This is documentation for Mathematica 3, which was
based on an earlier version of the Wolfram Language.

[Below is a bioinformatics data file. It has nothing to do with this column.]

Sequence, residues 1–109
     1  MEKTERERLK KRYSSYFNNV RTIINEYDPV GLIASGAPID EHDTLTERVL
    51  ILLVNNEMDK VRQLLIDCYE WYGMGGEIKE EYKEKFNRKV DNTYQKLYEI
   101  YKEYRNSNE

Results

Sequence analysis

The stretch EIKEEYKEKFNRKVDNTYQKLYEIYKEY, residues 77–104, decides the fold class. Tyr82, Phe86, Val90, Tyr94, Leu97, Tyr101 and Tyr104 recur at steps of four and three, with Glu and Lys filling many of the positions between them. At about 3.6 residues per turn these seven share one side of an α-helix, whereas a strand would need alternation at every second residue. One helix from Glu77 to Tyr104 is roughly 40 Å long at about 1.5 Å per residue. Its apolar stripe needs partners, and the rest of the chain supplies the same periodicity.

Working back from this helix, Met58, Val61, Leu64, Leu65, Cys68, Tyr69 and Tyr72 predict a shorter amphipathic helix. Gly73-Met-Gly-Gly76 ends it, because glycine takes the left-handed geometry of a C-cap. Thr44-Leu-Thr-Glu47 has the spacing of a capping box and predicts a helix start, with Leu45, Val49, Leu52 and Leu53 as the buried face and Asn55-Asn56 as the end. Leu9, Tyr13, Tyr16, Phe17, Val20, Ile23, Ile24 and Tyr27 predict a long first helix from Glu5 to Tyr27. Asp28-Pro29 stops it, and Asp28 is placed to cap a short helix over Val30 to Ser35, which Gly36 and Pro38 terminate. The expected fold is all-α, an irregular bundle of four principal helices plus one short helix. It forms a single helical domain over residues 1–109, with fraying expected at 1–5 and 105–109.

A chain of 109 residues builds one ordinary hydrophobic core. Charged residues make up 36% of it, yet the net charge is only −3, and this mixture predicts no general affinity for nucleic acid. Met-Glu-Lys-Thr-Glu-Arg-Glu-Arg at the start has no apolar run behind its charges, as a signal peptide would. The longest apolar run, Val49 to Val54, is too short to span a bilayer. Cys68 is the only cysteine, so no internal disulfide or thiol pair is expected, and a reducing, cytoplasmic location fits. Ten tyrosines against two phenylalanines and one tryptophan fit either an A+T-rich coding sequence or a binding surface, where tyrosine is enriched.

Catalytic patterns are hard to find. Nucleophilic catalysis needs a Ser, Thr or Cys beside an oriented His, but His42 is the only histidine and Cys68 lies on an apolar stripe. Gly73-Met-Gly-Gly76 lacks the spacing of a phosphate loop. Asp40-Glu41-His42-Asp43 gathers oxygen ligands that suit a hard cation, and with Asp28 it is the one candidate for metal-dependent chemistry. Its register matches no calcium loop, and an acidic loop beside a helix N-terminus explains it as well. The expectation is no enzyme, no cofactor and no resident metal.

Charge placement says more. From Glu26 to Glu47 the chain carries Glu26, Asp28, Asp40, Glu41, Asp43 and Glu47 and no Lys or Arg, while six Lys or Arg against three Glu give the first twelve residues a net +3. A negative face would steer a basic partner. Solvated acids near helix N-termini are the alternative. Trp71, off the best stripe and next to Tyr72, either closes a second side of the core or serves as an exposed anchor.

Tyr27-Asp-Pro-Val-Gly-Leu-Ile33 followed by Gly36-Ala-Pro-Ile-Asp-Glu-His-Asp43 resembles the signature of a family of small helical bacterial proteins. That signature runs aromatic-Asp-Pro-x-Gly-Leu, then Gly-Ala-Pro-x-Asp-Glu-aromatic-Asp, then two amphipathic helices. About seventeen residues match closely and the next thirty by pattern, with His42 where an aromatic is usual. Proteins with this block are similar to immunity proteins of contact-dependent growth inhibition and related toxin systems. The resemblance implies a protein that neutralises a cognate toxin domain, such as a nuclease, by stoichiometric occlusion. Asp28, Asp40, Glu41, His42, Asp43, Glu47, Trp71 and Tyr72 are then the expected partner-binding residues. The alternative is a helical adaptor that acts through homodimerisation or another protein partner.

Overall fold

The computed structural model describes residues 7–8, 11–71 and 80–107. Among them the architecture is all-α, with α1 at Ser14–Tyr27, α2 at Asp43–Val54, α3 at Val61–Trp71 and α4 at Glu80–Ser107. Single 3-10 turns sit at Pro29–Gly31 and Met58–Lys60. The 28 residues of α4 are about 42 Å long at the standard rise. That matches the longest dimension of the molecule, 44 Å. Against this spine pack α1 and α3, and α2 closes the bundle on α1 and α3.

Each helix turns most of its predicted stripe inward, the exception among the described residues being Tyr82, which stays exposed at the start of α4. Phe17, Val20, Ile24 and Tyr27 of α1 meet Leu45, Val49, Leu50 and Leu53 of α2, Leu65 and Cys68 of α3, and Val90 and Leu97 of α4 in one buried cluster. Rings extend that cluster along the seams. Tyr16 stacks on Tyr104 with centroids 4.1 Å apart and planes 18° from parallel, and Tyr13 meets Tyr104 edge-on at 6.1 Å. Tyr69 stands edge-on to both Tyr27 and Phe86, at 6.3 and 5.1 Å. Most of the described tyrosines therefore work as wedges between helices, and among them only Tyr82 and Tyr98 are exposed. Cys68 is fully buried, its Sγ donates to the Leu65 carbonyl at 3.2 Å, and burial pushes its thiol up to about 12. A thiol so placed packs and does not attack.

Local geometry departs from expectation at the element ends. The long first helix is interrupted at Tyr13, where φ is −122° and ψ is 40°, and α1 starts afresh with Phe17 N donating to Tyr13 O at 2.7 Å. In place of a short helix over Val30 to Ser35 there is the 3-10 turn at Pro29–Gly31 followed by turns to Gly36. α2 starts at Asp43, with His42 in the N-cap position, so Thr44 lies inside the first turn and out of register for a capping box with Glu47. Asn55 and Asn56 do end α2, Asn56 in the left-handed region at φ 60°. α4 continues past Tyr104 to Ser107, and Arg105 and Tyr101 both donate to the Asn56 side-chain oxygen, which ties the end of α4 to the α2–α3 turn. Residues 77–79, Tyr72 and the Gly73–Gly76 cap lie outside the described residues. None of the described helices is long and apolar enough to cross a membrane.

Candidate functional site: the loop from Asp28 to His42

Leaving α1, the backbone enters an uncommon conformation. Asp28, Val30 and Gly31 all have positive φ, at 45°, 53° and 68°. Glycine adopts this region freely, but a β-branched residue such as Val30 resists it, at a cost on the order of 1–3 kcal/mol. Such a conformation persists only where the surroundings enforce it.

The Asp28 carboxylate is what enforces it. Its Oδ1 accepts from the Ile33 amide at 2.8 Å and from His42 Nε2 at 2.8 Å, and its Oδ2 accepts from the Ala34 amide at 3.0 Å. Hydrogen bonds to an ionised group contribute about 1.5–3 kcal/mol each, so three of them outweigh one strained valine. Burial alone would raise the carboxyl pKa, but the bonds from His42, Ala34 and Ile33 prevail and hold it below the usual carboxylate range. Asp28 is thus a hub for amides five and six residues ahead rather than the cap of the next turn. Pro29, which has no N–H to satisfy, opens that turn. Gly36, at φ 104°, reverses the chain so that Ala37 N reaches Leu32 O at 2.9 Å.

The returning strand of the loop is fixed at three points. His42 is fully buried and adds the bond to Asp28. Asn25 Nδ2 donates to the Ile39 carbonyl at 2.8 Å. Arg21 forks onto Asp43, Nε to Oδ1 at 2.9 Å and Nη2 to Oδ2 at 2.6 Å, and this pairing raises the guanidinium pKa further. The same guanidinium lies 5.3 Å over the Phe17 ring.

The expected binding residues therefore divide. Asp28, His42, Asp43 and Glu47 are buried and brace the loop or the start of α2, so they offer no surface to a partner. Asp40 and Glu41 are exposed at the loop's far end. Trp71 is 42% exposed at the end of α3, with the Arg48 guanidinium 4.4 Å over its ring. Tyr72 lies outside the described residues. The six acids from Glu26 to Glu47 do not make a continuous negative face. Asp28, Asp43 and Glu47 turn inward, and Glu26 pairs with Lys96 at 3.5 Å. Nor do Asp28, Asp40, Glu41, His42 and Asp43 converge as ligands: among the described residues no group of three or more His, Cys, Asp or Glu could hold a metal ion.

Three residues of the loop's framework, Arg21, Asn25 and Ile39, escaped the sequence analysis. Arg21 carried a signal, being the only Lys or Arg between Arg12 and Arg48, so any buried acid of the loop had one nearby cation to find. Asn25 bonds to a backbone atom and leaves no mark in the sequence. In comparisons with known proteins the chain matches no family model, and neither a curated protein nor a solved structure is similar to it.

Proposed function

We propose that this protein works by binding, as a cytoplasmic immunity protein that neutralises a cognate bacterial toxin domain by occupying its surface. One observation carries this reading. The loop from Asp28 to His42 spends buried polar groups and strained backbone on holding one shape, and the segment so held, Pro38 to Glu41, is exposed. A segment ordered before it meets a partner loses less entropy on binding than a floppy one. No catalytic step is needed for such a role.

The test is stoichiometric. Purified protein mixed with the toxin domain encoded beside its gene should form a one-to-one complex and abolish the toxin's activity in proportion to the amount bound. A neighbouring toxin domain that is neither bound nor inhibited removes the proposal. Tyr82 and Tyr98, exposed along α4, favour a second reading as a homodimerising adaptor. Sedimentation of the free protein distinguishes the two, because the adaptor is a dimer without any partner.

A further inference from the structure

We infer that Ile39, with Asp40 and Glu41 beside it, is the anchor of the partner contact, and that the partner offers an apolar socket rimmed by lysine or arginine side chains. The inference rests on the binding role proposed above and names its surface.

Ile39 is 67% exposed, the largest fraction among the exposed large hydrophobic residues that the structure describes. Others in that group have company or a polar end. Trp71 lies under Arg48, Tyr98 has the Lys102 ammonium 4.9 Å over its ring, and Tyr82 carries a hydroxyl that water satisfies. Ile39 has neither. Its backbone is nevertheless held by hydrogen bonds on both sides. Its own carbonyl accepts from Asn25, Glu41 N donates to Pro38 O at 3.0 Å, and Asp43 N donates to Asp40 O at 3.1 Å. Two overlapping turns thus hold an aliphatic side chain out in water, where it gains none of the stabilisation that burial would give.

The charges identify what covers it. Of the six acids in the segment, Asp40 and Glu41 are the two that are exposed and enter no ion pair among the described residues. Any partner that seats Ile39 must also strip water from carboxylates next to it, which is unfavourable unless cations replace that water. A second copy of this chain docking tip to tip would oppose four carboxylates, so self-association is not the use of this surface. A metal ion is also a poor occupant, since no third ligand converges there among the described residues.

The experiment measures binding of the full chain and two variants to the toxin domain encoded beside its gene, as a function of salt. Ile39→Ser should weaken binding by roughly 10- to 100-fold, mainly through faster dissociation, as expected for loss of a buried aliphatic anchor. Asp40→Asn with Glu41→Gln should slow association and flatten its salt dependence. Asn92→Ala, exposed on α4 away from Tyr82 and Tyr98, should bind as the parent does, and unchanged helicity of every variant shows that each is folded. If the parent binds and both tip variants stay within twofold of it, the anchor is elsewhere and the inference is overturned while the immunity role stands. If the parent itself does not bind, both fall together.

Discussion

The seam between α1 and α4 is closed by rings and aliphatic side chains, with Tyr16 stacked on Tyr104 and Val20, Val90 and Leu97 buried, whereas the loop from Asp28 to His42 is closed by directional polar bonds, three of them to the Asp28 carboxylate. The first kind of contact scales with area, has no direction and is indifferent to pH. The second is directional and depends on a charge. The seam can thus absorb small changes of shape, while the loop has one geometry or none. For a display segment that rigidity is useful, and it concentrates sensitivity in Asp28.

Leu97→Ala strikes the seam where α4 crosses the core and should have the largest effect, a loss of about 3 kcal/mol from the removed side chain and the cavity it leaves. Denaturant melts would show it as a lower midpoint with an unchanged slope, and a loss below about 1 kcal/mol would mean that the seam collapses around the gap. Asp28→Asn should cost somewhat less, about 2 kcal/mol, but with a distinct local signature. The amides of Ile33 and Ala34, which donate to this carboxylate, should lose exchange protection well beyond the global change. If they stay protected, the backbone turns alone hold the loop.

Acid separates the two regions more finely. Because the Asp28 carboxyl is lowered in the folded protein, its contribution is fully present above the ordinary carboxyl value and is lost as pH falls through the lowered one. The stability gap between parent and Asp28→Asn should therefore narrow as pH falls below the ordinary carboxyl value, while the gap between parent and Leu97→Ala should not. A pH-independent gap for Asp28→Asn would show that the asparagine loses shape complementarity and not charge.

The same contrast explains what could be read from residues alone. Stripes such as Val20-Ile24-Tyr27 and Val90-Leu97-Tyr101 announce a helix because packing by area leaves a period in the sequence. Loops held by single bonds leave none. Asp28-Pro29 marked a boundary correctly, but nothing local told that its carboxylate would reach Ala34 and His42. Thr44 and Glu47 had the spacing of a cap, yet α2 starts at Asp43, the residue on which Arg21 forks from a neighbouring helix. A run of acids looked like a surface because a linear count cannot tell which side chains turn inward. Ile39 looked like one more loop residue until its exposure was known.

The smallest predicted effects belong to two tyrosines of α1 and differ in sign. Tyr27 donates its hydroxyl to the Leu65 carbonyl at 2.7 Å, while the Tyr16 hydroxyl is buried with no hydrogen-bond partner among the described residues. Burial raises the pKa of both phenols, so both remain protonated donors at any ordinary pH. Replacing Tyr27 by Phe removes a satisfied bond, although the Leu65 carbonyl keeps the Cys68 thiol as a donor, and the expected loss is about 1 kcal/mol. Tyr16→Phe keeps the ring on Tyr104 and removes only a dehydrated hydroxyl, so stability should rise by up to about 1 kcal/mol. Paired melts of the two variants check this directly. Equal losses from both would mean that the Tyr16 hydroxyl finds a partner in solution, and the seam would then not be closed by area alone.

2.3.14 An Example: Defining Your Own Integration Function Now that we have introduced the basic features of patterns in Mathematica, we can use them to give a more or less complete example. We will show how you could define your own simple integration function in Mathematica. From a mathematical point of view, the integration function is defined by a sequence of mathematical relations. By setting up transformation rules for patterns, you can implement these mathematical relations quite directly in Mathematica. Definitions for an integration function. This implements the linearity relation for integrals: . In[1]:= integrate[y_ + z_, x_] := integrate[y, x] + integrate[z, x] The associativity of Plus makes the linearity relation work with any number of terms in the sum. In[2]:= integrate[a x + b x^2 + 3, x] Out[2]= This makes integrate pull out factors that are independent of the integration variable x. In[3]:= integrate[c_ y_, x_] := c integrate[y, x] /; FreeQ[c, x] Mathematica tests each term in each product to see whether it satisfies the FreeQ condition, and so can be pulled out. In[4]:= integrate[a x + b x^2 + 3, x] Out[4]= This gives the integral of a constant. In[5]:= integrate[c_, x_] := c x /; FreeQ[c, x] Now the constant term in the sum can be integrated. In[6]:= integrate[a x + b x^2 + 3, x] Out[6]= This gives the standard formula for the integral of . By using the pattern x_^n_., rather than x_^n_, we include the case of . In[7]:= integrate[x_^n_., x_] := x^(n+1)/(n+1) /; FreeQ[n, x] && n != -1 Now this integral can be done completely. In[8]:= integrate[a x + b x^2 + 3, x] Out[8]= Of course, the built-in integration function Integrate (with a capital I) could have done the integral anyway. In[9]:= Integrate[a x + b x^2 + 3, x] Out[9]= Here is the rule for integrating the reciprocal of a linear function. The pattern a_.x_+b_. stands for any linear function of x. In[10]:= integrate[1/(a_. x_ + b_.), x_] := Log[a x + b]/a /; FreeQ[{a,b}, x] Here both a and b take on their default values. In[11]:= integrate[1/x, x] Out[11]= Here is a more complicated case. The symbol a now matches 2p. In[12]:= integrate[1/(2 p x - 1), x] Out[12]= You can go on and add many more rules for integration. Here is a rule for integrating exponentials. In[13]:= integrate[Exp[a_. x_ + b_.], x_] := Exp[a x + b]/a /; FreeQ[{a,b}, x]